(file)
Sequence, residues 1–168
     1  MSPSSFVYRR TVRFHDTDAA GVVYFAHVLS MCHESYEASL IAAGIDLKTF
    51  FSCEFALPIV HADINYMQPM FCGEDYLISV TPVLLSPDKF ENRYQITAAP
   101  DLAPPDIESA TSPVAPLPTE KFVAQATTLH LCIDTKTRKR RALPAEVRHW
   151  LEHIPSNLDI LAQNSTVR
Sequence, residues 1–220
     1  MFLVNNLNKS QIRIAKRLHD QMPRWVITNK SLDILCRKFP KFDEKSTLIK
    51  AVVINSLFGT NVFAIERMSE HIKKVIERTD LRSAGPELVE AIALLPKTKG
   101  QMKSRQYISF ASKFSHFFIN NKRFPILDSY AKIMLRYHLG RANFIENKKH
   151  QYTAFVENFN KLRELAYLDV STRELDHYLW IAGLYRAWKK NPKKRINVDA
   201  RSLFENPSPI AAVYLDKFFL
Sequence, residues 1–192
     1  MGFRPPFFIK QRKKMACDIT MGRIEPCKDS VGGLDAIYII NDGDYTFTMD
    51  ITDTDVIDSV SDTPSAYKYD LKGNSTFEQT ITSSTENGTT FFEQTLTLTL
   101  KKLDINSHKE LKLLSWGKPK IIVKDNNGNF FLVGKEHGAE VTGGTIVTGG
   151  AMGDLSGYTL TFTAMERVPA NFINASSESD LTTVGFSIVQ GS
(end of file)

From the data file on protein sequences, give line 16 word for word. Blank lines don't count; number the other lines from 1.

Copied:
   151  AMGDLSGYTL TFTAMERVPA NFINASSESD LTTVGFSIVQ GS